The 76ers will open their most anticipated regular season in decades Wednesday evening against the Boston Celtics. Their rise from self-induced doormat status to legitimate championship contender has been remarkable and, in some ways, quite sudden.

They won more than 50 games in each of the last two seasons — breaking a 16-season stretch during which the Sixers failed to reach that mark — but the sense is they have only begun to explore their possibilities.

More remarkable even than the flipping of the switch from the dark night of tanking to the dawn of title possibilities is that the same coach has guided the way throughout the evolution.

“It’s been an amazing life experience,” Brett Brown says. “The stories that could be told and the memories you have, good and bad, are real and they shape you. To take all that in, you hope you created the possibility to have good fortune, and hope that you treated people well, and hope you tried everything you could to hold stuff together and try to create a program, because I knew what a championship looked like. It wasn’t a mystery to me.”

Brown has been the public face of the journey since being hired Aug. 13, 2013. He has served under three general managers — four, if you count the brief period he occupied the role as an interim — coached an exceedingly odd parade of players, lived through the vacillations of the organization’s management, and emerged on the other side as an almost mystic figure, a shaman drawing a five-player pentagram on a dry-erase board.

“The pride of the purpose. The pursuit of the cause. Always remembering this is bigger than you,” Brown says. “You are the gatekeeper for the city, and for a historic program. How do you build it? I feel it’s deeper. It’s about culture. It’s about habits. It’s about standards. It’s about respect. It’s all those things, much more than, ‘Oh, let’s run a play for Joel.’ ”

There are very few examples in professional sports of coaches or managers who survive this sort of transition and keep their jobs. Brown’s regular-season record in six years is 178-314. If the Sixers were to finish 82-0 this coming season, he would still be 54 games under .500 during his tenure.

Brett Brown (right) survived the Sam Hinkie era with the Sixers.
Yong Kim/Staff Photographer
Brett Brown (right) survived the Sam Hinkie era with the Sixers.

What has kept Brown around? That is a complicated question. Certainly, he wasn’t logically to blame for Sam Hinkie’s strategy of collecting future assets by fielding a team incapable of winning in the present. Logic doesn’t always save jobs, however.

He outlasted Bryan Colangelo, who was angling to replace him and would have, if Colangelo didn’t immolate himself in the stupidest of ways. Brown then marched the team into its current reality, and no one questioned that he was still the right guy for this new set of expectations.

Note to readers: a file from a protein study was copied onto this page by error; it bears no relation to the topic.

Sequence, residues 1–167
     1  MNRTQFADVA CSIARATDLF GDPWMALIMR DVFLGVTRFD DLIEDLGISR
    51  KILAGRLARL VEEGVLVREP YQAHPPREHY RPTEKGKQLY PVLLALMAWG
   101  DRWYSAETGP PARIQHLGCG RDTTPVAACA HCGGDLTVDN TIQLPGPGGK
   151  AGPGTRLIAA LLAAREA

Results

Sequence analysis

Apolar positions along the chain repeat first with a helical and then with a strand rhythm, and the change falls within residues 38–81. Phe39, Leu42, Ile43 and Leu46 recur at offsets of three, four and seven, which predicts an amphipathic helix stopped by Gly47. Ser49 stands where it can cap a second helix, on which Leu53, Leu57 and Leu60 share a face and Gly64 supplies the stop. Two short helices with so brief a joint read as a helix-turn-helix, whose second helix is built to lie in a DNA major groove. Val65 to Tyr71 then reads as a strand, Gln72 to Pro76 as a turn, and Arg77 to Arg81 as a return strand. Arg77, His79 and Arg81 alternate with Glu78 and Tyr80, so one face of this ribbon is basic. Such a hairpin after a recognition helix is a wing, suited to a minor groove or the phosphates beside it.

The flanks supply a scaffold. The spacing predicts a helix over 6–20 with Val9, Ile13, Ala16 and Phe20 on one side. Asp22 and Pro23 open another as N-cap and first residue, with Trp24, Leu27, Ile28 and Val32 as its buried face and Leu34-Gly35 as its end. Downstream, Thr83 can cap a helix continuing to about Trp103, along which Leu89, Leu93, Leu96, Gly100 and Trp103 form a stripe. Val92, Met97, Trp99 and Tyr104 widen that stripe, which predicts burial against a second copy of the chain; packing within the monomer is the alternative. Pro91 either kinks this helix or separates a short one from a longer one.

Principal owner Josh Harris hemmed a bit after last season’s crushing second-round playoff exit, but Brett Brown remains. Now, he gets to seriously coach for a championship.

“There are things you could have done better, but it was always with the greater causes in mind. And you had to navigate through some boomerangs, with draft picks, and GMs, and facilities,” Brown says. “I’ve tried to keep a balance from Day 1. I mean, from the Colangelos and Hinkie, to Jahlil [Okafor], to Markelle [Fultz], to Joel [Embiid] with two navicular surgeries. Go wherever you got to go. I’m the guy who should write a book.”

There isn’t much time for reflection now, however. Every day, he goes into the practice facility with a “WMI” list — what’s most important? — and sets about ticking off those boxes. His head is full of lineup alterations, and situational adjustments, and his focus goes from micro to macro in an instant.

“I’m sometimes looking at what we might do in a Game 7 with everything on the line. Is this the right play? Is this the right player for the play? You don’t want to guess,” Brown says.

One day last week, there were three WMI items on the list. One concerned the offense, one concerned the defense, and one was something away from the actual basketball.

“I wanted to talk about what we do when teams front Joel in the post, because it’s coming. If we want to play bully ball, then we’ve also got to deal with some things. And defensively, I don’t like what we’re doing on the back side of action. Don’t like it.” Brown says. “Then, peripherally, I needed to speak to the big boys about things off the court, culture stuff that we want to get done.”

Coach Brett Brown with Joel Embiid during Embiid's rookie year.
YONG KIM / Staff Photographer
Coach Brett Brown with Joel Embiid during Embiid's rookie year.

The “big boys” are Embiid and Ben Simmons, the thunder and lightning of everything the team can accomplish. What kind of off-the-court culture coaching was required is not the sort of thing Brown discloses. But he knocked everything off his list and it was a good day.

“Most times, I get it done,” Brown says. “For me, good days add up. I’m convinced that you can get good at or improve at whatever you choose. I’m always coaching myself.”

The days of Brett Brown in Philadelphia have certainly added up, stacked higher than anyone could have reasonably guessed six years ago. He didn’t count them as they passed because that wasn’t what was most important. There was always something else to do in the pursuit of the cause.

Not always in a straight line, but the pursuit has endured. Amazingly enough, so has Brown. This season could be the reason.